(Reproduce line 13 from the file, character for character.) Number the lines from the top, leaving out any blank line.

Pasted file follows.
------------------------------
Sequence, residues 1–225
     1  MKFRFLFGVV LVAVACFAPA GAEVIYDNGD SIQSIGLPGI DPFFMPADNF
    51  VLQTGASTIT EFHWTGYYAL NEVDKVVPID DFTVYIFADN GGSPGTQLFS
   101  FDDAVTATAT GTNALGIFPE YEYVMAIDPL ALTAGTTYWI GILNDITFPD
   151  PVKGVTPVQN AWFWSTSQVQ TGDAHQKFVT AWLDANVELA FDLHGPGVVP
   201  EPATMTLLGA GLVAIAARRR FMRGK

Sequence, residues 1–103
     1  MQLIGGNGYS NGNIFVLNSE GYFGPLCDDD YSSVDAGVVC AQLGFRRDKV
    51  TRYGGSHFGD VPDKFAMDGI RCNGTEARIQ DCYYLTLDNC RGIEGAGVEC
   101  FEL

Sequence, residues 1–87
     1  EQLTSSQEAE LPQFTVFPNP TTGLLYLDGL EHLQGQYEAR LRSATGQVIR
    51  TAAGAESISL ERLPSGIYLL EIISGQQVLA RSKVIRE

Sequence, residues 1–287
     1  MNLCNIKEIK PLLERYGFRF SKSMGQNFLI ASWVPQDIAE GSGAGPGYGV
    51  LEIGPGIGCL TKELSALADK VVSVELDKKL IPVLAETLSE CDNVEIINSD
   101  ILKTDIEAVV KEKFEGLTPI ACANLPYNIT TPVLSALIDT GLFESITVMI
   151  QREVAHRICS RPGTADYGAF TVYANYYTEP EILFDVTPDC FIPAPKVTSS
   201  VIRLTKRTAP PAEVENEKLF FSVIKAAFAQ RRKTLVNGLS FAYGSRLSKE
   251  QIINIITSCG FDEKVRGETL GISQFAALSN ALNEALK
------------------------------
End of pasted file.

    51  TAAGAESISL ERLPSGIYLL EIISGQQVLA RSKVIRE